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A study commissioned by the International Aluminium Institute (IAI) and co-funded by Emirates Global Aluminium, Crown Holdings, Australian Aluminium Council, and Novelis reveals that effective global recycling of used beverage cans could lead to the annual saving of 60 million tonnes of CO2e (carbon dioxide equivalent) by 2030.

Waste360 Staff

September 14, 2023

2 Min Read
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A study commissioned by the International Aluminium Institute (IAI) and co-funded by Emirates Global Aluminium, Crown Holdings, Australian Aluminium Council, and Novelis reveals that effective global recycling of used beverage cans could lead to the annual saving of 60 million tonnes of CO2e (carbon dioxide equivalent) by 2030.

The study, conducted by global management consultants Roland Berger, examines aluminum can recycling practices in six countries and offers recommendations to boost recycling rates.

The study assessed the waste management systems in Australia, Cambodia, South Korea, Thailand, the United Arab Emirates (UAE), and Vietnam, providing valuable insights into can collection, processing, and recycling across diverse regions and cultures. The findings indicate that these countries can be categorized into three groups based on their recycling mechanisms:

  1. Countries Dependent on Informal Collection (e.g., Thailand, Cambodia, Vietnam): These nations rely heavily on informal workers for aluminum can collection, resulting in high recovery rates due to the economic incentive for the sector.

  2. Developed Systems (e.g., Australia, South Korea): These countries employ complex waste management systems, including extended producer responsibility (EPR) and deposit return systems (DRS), which contribute to high recovery rates.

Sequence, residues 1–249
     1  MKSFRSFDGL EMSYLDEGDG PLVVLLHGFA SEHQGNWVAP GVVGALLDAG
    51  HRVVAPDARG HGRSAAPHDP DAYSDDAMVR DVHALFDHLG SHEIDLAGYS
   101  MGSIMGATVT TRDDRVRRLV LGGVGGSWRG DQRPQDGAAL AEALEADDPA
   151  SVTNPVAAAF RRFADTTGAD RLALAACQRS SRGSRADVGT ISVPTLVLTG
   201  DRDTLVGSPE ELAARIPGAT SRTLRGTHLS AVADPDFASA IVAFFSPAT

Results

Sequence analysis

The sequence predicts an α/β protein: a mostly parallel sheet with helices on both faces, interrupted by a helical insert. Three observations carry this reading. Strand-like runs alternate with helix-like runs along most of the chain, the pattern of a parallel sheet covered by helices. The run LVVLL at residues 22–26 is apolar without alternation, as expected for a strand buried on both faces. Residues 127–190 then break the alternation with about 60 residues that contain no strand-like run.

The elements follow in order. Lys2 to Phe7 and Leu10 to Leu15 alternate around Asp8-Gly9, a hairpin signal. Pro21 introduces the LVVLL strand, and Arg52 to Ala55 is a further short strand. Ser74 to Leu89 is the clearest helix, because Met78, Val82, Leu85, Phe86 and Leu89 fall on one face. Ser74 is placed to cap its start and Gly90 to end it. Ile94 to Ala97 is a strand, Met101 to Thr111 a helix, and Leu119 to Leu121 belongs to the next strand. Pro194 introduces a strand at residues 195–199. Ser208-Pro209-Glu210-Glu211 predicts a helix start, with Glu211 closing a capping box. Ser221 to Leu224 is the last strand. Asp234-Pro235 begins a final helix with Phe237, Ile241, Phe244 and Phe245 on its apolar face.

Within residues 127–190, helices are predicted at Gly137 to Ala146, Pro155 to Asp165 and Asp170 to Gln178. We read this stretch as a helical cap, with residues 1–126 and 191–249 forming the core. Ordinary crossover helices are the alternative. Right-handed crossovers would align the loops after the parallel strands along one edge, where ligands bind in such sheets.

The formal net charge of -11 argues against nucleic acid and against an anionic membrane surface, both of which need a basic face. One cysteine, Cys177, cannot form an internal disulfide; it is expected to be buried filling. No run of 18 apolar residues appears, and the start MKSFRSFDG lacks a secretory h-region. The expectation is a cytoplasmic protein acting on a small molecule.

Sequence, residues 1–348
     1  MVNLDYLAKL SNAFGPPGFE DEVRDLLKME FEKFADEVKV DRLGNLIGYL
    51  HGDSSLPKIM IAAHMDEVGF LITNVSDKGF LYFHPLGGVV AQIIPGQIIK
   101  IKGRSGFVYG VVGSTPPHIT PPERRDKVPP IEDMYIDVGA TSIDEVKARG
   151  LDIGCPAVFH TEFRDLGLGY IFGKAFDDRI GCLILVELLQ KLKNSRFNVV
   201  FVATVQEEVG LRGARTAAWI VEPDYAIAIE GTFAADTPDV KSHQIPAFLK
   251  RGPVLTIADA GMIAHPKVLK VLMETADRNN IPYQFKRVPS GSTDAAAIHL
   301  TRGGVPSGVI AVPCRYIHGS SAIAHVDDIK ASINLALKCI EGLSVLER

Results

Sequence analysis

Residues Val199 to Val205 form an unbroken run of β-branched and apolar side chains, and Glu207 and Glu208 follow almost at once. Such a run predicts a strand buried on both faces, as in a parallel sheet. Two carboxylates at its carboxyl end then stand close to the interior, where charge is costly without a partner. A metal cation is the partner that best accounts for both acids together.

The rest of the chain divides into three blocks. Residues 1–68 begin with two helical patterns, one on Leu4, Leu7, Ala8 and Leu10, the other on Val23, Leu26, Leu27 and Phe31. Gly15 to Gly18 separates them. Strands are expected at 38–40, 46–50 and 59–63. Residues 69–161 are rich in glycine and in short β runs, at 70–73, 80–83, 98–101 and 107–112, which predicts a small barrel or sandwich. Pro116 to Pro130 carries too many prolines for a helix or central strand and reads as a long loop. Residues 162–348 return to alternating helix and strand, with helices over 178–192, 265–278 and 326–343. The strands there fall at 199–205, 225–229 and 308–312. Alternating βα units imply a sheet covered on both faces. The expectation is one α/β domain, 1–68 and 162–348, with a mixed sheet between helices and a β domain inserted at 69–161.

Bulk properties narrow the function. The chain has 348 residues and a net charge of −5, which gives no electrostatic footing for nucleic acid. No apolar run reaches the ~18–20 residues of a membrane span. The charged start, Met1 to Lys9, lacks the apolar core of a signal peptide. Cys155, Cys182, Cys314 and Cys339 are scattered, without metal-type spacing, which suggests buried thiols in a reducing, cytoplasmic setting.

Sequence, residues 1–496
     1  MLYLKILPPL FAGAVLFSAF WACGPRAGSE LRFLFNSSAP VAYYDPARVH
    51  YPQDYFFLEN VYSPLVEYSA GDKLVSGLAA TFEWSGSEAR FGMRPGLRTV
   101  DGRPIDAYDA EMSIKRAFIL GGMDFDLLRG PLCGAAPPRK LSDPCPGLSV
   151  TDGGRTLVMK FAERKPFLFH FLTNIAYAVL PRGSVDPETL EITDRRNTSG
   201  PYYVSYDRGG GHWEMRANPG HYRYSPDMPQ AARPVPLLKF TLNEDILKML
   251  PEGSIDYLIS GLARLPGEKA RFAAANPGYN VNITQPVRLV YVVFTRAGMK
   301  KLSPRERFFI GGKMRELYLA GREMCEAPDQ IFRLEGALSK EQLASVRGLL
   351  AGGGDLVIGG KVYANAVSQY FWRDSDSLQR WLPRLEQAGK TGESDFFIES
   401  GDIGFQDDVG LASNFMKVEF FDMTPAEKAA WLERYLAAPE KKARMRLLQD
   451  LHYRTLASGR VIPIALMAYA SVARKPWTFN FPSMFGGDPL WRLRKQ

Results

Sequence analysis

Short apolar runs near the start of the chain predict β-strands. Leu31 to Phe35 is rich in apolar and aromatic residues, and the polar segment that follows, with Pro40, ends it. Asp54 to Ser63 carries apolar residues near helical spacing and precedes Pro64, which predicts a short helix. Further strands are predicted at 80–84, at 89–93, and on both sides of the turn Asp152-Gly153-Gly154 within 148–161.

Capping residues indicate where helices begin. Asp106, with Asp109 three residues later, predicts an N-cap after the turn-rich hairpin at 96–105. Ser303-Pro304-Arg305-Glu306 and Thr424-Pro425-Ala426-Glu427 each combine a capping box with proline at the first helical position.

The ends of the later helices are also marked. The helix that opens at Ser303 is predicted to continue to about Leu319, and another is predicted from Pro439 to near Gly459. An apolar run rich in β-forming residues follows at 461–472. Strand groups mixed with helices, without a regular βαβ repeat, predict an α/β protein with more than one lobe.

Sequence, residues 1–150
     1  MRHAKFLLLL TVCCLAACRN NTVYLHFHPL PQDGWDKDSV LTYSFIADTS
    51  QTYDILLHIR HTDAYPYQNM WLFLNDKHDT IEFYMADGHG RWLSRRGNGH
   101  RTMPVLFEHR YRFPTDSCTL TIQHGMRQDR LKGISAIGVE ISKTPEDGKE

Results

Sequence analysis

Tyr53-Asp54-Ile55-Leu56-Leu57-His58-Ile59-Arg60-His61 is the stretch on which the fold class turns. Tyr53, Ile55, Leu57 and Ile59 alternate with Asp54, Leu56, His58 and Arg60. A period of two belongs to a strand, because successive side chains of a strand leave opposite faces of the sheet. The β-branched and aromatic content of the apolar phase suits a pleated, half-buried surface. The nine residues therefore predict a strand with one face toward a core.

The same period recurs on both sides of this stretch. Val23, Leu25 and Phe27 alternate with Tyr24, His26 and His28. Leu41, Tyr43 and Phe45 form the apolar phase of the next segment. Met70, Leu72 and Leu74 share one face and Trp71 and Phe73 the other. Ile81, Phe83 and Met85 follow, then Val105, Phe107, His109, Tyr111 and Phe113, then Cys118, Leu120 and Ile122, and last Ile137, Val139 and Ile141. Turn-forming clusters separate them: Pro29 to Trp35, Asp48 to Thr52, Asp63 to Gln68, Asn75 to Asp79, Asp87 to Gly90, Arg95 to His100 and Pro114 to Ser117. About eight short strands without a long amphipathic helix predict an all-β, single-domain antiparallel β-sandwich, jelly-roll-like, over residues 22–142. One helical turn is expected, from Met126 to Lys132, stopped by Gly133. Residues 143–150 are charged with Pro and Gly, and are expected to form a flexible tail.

3. Transitioning Systems (e.g., UAE): These nations have developed collection infrastructure but lack mandatory or well-functioning EPR and DRS systems.

Despite variations in recycling practices, the study underscores the critical role aluminum cans play in reducing carbon emissions. Global consumption of aluminum cans is expected to rise by 50% from 420 to 630 billion cans annually between 2020 and 2030.

Marlen Bertram, IAI's Director of Scenarios and Forecasts, emphasized that 79% of all cans put on the market in the six studied countries end up being recycled into ingots for a second life, reinforcing the positive impact of aluminum recycling on carbon reduction. Recycling aluminum products emits only 0.6 tonnes of CO2e per tonne, compared to 16.6 tonnes for primary aluminum production.

Key takeaways from the study include:

  • Thailand leads with a can-to-can recovery rate of 78%, but 14% of cans still end up in landfills.

  • South Korea, with a 96% recovery rate, boasts the highest among the studied countries but recovers only 37% of cans for can sheet production.

  • Australia's voluntary EPR and DRS schemes contribute to a 74% recovery rate, but all cans are exported, with 48% used for can-to-can recycling.

  • The UAE faces challenges, with 67% of cans going to landfills, and only 20% used for can-to-can recycling.

  • Vietnam's informal sector generates high-quality scrap, but only 1% of cans are recycled can-to-can.

  • Cambodia reports high collection and recovery rates, with no domestic recycling capacity, leading to cans being primarily recycled into non-can products.

The study also highlighted opportunities for improvement, including increasing awareness of aluminum can recycling benefits, investing in infrastructure, and advocating for effective recycling schemes. Stakeholders and governments are urged to play a pivotal role in advancing aluminum can recycling to reduce carbon emissions and promote sustainability.

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